Neighbourhood Love: Broadway

To walk down Broadway Avenue is to wander into the bright heart of a community.  Sure, there are stores, theatres, bars and all manner of buildings, historical and modern.  But it’s the people that make Broadway what it is.  They’re window-shopping, grabbing a coffee, running to catch a movie or live theatre, or laughing and chatting on the patio of a pub.  The street is alive with spirit and ideas, with a backing track of live music wafting down the street.  It’s intoxicating.  It’s not only the soul of Nutana, but arguably, of Saskatoon.

I’m lucky enough to live in Nutana, and you can often glimpse me walking down to Broadway, by myself, or with my wife and son.  Sometimes we’re on a hard target mission — we need bread from Christie’s and brie from The Bulk Cheese Warehouse.  Or perhaps, we’re about to slip into Amigos or The Yard and Flagon for a bite and a pint of beer.  Often though, we head down there just to be a part of it all — to grab a coffee and take in the atmosphere.

I walk down the tree-lined streets, past the beautiful character homes, some more than a century old.  If I’m feeling whimsical, I imagine that I’m a time traveler.  It’s the 1920s or 30s, maybe the 60s, depending on my mood, and the ghosts of time speak to me.  What was the area like back then? Even if you’re on Broadway for more modern errands of our fast-paced world, it’s easy to let the history of it wash over you.

(Photo Courtesy of the Saskatoon Public Library Archives

The settlement of Nutana became a village in 1903 and Broadway Avenue was its commercial thoroughfare.  In fact, Broadway took its name because it was so wide that you could do a U-turn with a team of horses without having to circle around the block.  There were shops and businesses, as well as the city’s first elementary school, Victoria School (though, the original stone school is no longer there — you can see it on the grounds at the U of S.  L’Ecole Victoria, which stands there today, was built in the 1930s).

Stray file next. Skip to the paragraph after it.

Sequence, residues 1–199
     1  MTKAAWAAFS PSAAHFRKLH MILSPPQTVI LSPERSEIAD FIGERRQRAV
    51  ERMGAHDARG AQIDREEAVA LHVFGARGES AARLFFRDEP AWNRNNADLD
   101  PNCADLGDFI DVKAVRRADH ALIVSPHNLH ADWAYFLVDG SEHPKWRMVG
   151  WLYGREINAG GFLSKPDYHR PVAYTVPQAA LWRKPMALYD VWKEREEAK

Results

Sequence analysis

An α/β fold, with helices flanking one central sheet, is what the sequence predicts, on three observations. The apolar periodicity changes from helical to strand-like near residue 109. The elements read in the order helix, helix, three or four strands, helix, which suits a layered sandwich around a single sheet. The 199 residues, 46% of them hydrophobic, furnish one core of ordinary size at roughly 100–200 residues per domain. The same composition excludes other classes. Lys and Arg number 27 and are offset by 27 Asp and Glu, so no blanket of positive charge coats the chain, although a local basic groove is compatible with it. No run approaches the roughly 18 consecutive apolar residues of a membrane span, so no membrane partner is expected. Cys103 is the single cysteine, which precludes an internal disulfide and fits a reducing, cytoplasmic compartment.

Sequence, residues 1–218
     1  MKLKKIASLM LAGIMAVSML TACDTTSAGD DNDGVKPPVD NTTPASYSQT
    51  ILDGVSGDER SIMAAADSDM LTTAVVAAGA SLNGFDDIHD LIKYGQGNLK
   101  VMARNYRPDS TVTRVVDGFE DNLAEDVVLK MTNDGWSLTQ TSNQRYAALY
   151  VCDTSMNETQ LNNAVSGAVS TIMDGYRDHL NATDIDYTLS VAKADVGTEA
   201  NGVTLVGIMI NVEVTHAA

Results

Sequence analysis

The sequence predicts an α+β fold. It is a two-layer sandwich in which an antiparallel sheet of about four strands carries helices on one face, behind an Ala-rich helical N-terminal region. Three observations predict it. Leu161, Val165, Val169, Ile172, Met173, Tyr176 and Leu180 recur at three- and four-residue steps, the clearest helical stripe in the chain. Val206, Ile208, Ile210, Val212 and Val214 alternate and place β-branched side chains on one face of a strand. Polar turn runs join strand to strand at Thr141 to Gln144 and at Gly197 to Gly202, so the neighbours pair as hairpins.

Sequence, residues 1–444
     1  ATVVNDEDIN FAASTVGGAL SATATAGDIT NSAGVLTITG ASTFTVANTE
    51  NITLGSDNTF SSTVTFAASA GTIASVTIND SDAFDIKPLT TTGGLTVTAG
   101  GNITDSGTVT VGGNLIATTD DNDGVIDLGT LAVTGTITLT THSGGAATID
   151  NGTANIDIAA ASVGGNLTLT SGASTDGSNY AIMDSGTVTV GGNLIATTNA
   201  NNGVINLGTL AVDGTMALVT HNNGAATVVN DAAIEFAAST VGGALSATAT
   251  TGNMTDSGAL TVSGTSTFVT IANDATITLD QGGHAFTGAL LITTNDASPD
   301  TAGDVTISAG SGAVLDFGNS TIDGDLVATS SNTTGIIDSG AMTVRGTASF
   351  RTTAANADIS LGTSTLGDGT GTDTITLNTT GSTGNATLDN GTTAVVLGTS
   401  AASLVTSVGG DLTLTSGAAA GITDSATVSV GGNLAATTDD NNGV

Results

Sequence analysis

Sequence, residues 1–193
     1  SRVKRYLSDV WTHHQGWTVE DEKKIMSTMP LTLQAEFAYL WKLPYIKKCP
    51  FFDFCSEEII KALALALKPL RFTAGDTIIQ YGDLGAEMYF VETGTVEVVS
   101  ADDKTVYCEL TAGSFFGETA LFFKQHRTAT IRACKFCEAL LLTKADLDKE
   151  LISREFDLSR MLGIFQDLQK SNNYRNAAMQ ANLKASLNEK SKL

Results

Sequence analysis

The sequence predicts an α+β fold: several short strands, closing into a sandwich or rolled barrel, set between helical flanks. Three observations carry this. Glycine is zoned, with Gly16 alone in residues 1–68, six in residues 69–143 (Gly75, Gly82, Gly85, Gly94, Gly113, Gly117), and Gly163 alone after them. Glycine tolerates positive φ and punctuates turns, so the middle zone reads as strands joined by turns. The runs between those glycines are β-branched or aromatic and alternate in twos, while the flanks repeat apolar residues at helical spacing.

In 1906, Nutana joined with two other settlements, Riversdale and Saskatoon, to become the City of Saskatoon.  Broadway was supplanted by downtown as the major commercial street, however, it remained a main drag on the East side well into the 1950s, until 8th Street came into its own.  Broadway began to take a back seat to 8th Street, mostly because of the popularity of the automobile and the arrival of the concept of the shopping mall to Saskatoon.

Of course, Broadway was still a happening enough place in the 60s, where you could hit a venue like The Crypt Coffee House to catch a local band like Humphrey and the Dumptrucks.  A young Roberta Joan Anderson famously played in Broadway coffee shops and clubs, before she became the famous Joni Mitchell.

But over time, Broadway started to sink into decline, and by the mid-80s, things were dire.  The street was run down and people took their money and patronage elsewhere.  Even The Broadway Theatre, a beacon in the community now, had become a theatre of ill repute, our own Times Square-style adult theatre.

But in 1986, merchants in the area banded together and worked with the city to refurbish the street, largely creating the modern Broadway Avenue.  Now it maintains a balance between a vibrant business area and the eclectic neighbourhood where arts and music reign supreme.

Like I said, it’s the people.  I used to run errands in a small town with my grandfather when I was a kid, and it felt like he knew everyone.  He was always stopping to talk to people.  It’s hard not to walk down Broadway and run into people that you know.  My son is always tugging at my hand to hurry up while I stop to say hi to a friend.  I’m sure by the time he’s eight or so, he’ll think I know everyone in town too.

I can’t wait to watch him grow up surrounded by people who are thoughtful, community-minded, and eclectic.  I often hear people from the ‘burbs say something like, ‘Oh, you know, they’re one of those Broadway types,’ inferring a sort of kooky-loo-loo hippy or hipster personality.  Broadway is a place that feels like an oasis of art and ideas in a world that doesn’t always value such things.  I’m proud that my son will be crafted and molded by the people and atmosphere of Broadway until he’s one of them — the people that make Broadway what it is.


Craig Silliphant

Craig Silliphant is a writer, editor, critic, broadcaster, and creative director. He lives in Saskatoon with his wife and son. He enjoys all the meats of our cultural stew.

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